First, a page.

this material from new perspectives.
Informal writing assignments of various types based on class
readings (approximately one for each section of the course). These essays
are meant to be a chance to examine your own views, values and biases within
the light of various readings. These topics will be announced in advance.
Always make sure you keep a copy of your papers until after the course
is over. I will not be responsible for losing the only copy of your paper.
Metamorphoses Project on the transformation
of myth through time. In order to understand mythology in antiquity and
its enduring relevance, groups of four students each will research one
divinity or hero. More detailed instructions will be handed out later,
but basically the project will involve the following steps:
Final Exam. Study
research (both in the library and on the WWW) and analysis of the various
Greek myths concerning a particular divinity or hero;
research (both in the library and on the WWW) and analysis of the various
later transformations of myth concerning the same figure;
exploration (both in the library and on the WWW) of the intersection between
cult and mythology for the same figure, or discovery of a parallel figure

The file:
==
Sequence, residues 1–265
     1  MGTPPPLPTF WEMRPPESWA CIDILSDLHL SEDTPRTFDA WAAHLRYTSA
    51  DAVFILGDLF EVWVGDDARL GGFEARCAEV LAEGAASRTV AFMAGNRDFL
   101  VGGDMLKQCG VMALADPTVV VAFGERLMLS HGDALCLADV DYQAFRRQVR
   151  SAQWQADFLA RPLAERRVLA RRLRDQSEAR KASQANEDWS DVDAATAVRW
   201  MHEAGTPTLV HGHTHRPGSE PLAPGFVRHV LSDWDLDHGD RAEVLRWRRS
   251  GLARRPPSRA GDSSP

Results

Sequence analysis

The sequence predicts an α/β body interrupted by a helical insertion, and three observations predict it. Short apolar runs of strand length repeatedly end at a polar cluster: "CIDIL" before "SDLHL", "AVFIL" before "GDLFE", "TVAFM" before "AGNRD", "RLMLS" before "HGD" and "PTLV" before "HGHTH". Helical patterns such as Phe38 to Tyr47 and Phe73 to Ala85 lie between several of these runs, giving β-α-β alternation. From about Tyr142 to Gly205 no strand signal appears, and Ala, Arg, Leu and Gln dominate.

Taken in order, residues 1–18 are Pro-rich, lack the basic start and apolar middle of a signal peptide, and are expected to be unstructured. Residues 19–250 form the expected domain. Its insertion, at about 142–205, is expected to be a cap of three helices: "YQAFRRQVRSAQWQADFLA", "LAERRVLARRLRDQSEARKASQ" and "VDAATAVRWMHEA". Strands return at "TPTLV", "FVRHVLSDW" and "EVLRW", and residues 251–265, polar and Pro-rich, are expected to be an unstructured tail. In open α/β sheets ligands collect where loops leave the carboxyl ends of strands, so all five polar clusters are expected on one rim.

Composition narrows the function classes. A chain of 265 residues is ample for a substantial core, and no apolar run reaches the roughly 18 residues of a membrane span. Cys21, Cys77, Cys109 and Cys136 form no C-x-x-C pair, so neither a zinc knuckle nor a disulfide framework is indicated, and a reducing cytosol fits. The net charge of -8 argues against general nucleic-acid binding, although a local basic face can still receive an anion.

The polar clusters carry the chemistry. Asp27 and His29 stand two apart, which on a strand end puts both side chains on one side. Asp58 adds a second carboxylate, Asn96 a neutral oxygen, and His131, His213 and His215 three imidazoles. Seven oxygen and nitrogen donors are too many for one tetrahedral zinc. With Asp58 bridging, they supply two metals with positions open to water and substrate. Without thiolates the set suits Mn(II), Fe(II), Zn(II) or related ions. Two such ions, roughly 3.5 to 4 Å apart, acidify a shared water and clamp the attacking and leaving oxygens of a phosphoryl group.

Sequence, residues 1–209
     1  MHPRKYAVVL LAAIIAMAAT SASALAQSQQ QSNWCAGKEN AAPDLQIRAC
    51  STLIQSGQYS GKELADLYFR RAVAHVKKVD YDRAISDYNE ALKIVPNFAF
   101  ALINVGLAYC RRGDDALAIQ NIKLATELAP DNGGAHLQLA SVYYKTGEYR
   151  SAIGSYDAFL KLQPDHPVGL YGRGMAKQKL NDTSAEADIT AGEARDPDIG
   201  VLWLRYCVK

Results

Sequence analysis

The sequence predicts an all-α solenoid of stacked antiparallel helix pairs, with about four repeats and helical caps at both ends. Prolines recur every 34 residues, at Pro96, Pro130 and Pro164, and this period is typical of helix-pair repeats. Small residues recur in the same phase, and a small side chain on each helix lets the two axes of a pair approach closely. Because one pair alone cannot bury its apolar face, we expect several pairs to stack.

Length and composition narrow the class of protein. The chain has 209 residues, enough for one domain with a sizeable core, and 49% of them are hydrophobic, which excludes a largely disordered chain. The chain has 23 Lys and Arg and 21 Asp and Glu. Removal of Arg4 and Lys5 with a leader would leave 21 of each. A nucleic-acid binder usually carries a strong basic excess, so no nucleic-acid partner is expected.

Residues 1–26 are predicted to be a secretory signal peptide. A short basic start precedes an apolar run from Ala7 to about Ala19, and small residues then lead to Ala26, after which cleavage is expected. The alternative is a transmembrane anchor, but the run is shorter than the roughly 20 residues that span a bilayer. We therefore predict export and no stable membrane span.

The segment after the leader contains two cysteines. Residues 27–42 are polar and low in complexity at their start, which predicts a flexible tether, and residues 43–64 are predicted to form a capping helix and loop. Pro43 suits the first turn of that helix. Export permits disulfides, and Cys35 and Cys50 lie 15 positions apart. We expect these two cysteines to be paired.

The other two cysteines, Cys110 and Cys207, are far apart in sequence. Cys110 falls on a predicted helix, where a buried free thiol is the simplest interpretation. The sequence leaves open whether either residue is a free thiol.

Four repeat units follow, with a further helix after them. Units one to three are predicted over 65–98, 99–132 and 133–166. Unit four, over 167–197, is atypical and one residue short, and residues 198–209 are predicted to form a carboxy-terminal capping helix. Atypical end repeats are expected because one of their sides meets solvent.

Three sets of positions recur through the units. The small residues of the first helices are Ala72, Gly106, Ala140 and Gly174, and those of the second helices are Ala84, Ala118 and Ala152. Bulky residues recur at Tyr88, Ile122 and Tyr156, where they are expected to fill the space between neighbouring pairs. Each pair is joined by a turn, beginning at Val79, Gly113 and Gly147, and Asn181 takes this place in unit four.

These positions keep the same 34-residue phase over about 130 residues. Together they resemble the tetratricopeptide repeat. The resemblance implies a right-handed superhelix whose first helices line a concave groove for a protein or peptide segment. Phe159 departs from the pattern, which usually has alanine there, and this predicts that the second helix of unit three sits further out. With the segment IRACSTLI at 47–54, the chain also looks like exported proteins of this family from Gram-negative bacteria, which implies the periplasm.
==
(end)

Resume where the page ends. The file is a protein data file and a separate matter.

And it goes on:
in another society's mythology;
creative project by the group showing their response to the divinity or
hero they have researched. It may take the form of artwork, drama, music,
story, video, etc. Ideally, it should engage one's mind, heart, and spirit.
40% class participation, daily journal, and informal written assignments
40% web project on a divinity or hero
20% final exam
Schedule of Topics and Readings
Section I: The Experience of a Hero:
Day 1: First definitions of "myth," "legend" and
Iliad, Bk 1: The wrath of a hero
Background to Homer's Iliad, by Prof. John Porter.
Day 2: Iliad, Bks 2 and 3: Definition of
a hero: Male and Female
Day 3: Iliad, Bks 6, 9, 11: Friends,
Excellence: How does Homer define it for men and women?
Who in particular exemplifies excellence in Homer, both male and female?
Why? How do you respond to Homer's definition? Do you agree
or disagree? How would you define excellence in your own life?
Can you think of anyone today who exemplifies your definition of excellence?
Student Essay 1 | Sample
Student Essay 2
Informal Writing Assignment #1 DUE:
Day 4: Iliad, Bks 14, 16, and 18: On
the battlefield--war, love, injury, death
Day 5: Iliad, Bks 22-24: Rage and Compassion
Metamorphoses Project, Part 1A, due: Greek versions of the myth
Day 6: Gilgamesh, Tablets 1-6: Hero and
Guide for Gilgamesh
Metamorphoses Project, Part 1B, due: analysis of Greek versions of
Day 7: Gilgamesh, Tablets 7-12: Quest